Tuesday, 28 January 2014
Department of Jobs, Enterprise and Innovation
Banking Sector Regulation
328. To ask the Minister for Jobs, Enterprise and Innovation further to Parliamentary Question No. 286 of 15 January 2014, his views on whether paragraph 59 of IAS 39 as referenced- losses expected as a result of future events, no matter how likely, are not recognised means that banks, albeit for a temporary period, are allowed to delay the recognition of expected losses and therefore overvalue loans in their published accounts. [3561/14]
329. To ask the Minister for Jobs, Enterprise and Innovation his views on whether, for the period 2005 to the present, the non-recognition of expected losses to the extent carried out by Irish banks is contrary to paragraph 14 and 37 of the IASB framework as endorsed by the European Union; and if he will make a statement on the matter. [3562/14]
I propose to take Questions Nos. 328 and 329 together.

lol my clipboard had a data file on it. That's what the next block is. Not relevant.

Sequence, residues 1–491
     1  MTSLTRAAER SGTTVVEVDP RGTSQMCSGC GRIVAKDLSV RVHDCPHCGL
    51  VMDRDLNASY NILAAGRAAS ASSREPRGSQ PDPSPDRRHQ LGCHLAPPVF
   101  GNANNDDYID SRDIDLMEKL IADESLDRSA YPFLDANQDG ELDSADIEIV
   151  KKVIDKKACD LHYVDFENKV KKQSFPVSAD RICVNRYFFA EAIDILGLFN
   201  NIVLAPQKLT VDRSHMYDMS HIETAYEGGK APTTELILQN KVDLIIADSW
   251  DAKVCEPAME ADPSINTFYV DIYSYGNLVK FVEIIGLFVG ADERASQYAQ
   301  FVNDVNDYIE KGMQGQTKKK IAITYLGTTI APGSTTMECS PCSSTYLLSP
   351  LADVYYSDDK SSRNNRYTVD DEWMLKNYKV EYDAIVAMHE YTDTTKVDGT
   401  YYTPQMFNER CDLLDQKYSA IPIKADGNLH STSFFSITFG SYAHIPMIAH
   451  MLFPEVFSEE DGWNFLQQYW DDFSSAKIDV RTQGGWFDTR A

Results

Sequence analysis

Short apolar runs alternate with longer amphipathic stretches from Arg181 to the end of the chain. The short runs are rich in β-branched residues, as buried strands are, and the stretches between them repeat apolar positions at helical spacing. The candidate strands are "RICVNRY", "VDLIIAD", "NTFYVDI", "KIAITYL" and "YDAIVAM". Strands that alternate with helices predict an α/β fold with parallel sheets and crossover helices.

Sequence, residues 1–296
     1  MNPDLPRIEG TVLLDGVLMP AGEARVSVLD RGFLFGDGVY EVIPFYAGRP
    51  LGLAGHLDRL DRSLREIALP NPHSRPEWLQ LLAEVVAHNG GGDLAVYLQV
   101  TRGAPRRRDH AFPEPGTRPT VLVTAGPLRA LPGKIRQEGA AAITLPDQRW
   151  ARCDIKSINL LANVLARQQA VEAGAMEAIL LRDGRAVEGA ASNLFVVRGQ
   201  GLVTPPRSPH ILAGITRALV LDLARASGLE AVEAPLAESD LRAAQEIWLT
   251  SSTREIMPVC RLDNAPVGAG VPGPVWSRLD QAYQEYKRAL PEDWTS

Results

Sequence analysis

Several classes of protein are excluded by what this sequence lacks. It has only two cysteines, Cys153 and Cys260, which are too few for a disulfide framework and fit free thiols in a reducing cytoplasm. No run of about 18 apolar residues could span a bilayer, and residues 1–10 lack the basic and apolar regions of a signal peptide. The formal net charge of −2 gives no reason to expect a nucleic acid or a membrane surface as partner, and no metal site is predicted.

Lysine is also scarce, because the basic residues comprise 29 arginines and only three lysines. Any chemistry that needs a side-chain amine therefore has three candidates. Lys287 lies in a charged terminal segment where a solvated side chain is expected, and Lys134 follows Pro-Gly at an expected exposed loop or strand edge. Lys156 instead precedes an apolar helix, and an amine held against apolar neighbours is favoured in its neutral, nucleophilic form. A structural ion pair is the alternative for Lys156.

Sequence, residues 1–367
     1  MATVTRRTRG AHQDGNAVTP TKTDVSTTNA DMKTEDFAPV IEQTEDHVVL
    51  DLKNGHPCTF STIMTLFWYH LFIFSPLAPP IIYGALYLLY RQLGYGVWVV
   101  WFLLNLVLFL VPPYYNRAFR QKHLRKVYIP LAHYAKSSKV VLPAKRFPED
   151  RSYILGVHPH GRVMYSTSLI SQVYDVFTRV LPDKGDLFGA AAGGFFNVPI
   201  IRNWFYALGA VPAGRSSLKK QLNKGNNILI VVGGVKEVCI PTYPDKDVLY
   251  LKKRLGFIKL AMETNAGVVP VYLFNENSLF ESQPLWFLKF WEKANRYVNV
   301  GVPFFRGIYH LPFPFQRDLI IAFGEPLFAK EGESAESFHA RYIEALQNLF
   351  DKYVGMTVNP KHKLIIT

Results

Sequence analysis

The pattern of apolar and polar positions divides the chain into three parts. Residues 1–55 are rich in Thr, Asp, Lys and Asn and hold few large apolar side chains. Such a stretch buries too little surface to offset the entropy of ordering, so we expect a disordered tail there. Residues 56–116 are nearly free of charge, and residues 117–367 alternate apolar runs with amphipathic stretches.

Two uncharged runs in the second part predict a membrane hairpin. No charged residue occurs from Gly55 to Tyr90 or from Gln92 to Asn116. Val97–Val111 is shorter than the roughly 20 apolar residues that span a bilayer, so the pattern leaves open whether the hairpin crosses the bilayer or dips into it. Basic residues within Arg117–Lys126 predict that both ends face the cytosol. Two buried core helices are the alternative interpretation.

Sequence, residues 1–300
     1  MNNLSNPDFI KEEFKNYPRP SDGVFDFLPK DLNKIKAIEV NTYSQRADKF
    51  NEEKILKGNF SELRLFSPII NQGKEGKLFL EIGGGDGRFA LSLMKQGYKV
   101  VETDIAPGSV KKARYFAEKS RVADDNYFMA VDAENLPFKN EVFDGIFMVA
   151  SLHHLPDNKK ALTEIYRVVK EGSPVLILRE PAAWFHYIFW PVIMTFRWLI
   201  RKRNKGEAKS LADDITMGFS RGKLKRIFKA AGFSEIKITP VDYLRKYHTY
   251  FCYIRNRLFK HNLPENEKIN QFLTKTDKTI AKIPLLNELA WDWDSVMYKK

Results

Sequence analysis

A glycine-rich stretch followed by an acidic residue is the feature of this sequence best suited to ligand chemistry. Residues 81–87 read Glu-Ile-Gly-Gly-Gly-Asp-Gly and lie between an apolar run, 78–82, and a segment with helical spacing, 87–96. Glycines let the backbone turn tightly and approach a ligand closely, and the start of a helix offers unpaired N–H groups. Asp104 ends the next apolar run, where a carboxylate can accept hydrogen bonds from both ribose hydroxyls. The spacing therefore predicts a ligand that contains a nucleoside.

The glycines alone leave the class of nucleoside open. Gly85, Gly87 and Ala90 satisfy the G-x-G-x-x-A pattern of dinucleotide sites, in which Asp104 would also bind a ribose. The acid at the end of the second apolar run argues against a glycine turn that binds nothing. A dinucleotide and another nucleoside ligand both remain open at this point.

Paragraph 59 of International Accounting Standard 39 (IAS 39) “Financial Instruments: Recognition and Measurement” explicitly precludes the recognition of losses expected as a result of future events, no matter how likely. Paragraph 59 falls within the part of IAS 39 that deals with “impairment and uncollectability of financial assets measured at amortised cost”, so that it applies to (among other things) loans that banks have advanced to customers.
Paragraph 59 of IAS 39 requires that there must be objective evidence of impairment as a result of a “loss event” (also known as a “trigger event”). The determination of whether a loss event (within the meaning of IAS 39) has or has not occurred involves a degree of subjective judgement, in the exercise of which prudence or conservatism may be appropriate. The exercise of prudence or conservatism in such circumstances does not imply the recognition of expected losses.
The IASB “Framework for the Preparation and Presentation of Financial Statements”, which was superseded by the “Conceptual Framework” in 2010, was not an International Accounting Standard or International Financial Reporting Standard and therefore endorsement or adoption by the EU under Regulation (EC) No 1606/2002 of the European Parliament and of the Council of 19 July 2002 (the “IAS Regulation”) did not arise.
The individual standards adopted under Regulation 1606/2002 set out the accounting requirements with which companies to which they are applicable must comply.